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A Tale of Being the 1st Pregnant Woman in Workplace

Working mothers in corporate America

I never felt like a “woman in the workplace” until I became pregnant. My gender was not an issue in terms of my pay or general treatment. At a boozy after-work hangout, I discovered I made more than a male co-worker with the same title, because I had asked for and received raises where he had not. If you had asked me what being pregnant at work might be like before I conceived, I probably would have said something glib along the lines of: “I’m not the first working woman to ever have a kid. Haven’t they figured it out by now?”

Which is why it was such a shock to find out that, no, they haven’t figured it out. I had a very difficult pregnancy, with a combination of hyperemesis gravidarum(extreme morning sickness), depression and anxiety. Because I was at a new job, I did not have some of the workplace protections provided by the Family and Medical Leave Act, which only kicks in if you’ve worked someplace for 12 months. I ended up quitting — a luxury my family could afford because my husband has a good job with health insurance.

When this happened, I realized that I had hardly ever worked with pregnant women on staff in my eight-year career. They were all freelancers. The one woman who had been pregnant at my first job was laid off the day she gave birth. When I started talking and writing about my experience, other mothers I knew came out of the woodwork with their stories of being pushed out or sneakily demoted. They don’t speak out about these issues because they would like to be employed again at some point. Stephanie Coontz’s recent opinion piece about how most of the gains in the gender wage gap have been made by childless women was no surprise to me.

I can’t shut up about this in print or in my personal life, because I will not let what happened to me happen to my peers. To steal a line from the movie “Juno,”  I want to be a cautionary whale for other women navigating pregnancy and motherhood at work.

But the laws surrounding pregnancy and family leave are complicated and vary by state, which is why I am so grateful that the nonprofit organization A Better Balance, which lobbies for better pregnancy protection and parental-leave laws, has published a book called “Babygate: What You Really Need to Know About Pregnancy and Parenting in the American Workplace.”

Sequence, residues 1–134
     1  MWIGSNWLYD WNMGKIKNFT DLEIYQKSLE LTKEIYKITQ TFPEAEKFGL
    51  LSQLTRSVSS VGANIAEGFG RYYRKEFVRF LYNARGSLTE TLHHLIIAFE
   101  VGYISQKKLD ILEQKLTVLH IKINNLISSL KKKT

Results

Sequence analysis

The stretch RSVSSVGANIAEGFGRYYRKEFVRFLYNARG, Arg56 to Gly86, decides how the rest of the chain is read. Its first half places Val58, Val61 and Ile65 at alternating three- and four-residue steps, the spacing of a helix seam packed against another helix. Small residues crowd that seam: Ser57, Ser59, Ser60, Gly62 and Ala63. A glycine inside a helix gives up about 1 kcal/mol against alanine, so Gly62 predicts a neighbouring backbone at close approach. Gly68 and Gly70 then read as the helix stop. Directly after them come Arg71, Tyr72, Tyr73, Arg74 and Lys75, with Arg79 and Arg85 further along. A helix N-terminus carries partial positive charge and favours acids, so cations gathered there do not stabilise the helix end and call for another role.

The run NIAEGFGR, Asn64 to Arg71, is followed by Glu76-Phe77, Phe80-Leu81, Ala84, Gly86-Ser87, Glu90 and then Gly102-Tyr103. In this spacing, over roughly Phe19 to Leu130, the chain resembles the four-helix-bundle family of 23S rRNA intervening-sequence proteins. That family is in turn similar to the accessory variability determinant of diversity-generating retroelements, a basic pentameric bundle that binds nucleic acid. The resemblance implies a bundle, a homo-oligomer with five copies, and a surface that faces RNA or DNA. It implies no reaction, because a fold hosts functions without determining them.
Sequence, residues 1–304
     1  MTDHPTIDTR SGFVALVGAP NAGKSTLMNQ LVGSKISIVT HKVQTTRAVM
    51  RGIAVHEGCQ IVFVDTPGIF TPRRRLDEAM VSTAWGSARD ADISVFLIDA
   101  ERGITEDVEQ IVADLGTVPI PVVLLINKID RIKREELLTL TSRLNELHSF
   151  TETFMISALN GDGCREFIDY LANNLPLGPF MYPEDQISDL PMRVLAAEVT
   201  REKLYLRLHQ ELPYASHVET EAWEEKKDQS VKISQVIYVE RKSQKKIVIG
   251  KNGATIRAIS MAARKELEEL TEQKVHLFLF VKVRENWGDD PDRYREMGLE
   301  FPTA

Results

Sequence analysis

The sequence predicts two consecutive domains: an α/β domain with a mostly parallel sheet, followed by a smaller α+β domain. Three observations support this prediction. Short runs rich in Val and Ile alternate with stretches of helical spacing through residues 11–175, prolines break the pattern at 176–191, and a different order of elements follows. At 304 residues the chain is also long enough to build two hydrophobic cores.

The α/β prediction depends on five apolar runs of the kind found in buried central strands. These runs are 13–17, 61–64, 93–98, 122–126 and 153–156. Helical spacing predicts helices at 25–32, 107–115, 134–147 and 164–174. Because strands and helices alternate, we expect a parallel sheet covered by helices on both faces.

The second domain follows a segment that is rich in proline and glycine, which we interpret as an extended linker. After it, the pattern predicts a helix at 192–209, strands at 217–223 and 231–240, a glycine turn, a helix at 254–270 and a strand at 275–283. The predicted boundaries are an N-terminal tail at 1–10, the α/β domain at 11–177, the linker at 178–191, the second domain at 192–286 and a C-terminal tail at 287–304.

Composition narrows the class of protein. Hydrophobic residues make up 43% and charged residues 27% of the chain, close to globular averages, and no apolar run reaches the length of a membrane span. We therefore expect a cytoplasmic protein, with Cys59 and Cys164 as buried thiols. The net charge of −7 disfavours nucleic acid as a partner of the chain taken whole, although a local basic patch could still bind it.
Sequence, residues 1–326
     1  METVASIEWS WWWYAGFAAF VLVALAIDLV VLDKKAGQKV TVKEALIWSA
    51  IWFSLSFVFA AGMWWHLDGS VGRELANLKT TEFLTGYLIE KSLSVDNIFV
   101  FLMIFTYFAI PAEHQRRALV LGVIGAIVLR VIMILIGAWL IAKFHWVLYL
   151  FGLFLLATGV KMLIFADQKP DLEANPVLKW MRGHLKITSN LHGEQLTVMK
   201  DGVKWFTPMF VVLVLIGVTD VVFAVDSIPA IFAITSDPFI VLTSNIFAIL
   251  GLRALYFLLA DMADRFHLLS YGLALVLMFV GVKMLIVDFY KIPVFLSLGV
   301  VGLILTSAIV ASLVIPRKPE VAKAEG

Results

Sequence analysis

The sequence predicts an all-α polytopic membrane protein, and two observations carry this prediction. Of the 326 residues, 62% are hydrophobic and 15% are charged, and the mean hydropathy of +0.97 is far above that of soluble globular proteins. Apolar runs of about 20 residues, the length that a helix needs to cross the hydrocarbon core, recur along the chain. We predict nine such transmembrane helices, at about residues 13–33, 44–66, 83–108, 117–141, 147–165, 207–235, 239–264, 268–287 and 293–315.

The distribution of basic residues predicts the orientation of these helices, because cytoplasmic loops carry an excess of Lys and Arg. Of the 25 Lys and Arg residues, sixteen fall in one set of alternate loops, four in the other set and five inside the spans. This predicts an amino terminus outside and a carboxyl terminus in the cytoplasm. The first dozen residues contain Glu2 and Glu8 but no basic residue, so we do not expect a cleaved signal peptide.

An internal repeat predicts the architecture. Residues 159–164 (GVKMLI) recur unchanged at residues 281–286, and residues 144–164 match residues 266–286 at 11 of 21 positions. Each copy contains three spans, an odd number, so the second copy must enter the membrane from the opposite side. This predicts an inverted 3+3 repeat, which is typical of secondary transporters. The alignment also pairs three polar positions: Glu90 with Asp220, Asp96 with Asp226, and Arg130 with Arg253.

I emailed with Dina Bakst, one of the authors of “Babygate” and a co-founder and co-president of A Better Balance, on how to deal with some confusing situations that women might run into when they’re dealing with pregnancy at work. Since young women are now getting the majority of bachelor’s and master’s degrees, and entering professions that were once male-dominated, I asked Bakst what to do if you’re the first woman in your company to be pregnant.

The first step, she says, is to find out if you’re covered by the F.M.L.A. If your company has more than 50 employees and you’ve been there for more than a year, your employer must give you 12 weeks of unpaid leave — that has to cover any pregnancy-related illness, prenatal doctor visits and recovery from childbirth or bonding with an adopted child. “Unfortunately, the law applies to only about half of American workers,”  Bakst said. And, “In this challenging economy, few workers can afford to use their full F.M.L.A. leave, especially those with the fewest resources.”

The second step is checking state laws; “Babygate” includes a handy guide. Some states, like California, give women extra coverage in addition to F.M.L.A. But if your employer has fewer than 15 employees, you really want to scour those laws because, according to Bakst, depending on the state you live in, “you might not even be protected from pregnancy discrimination”…

Read More: Jessica Grose, parenting.blogs.nytimes.com

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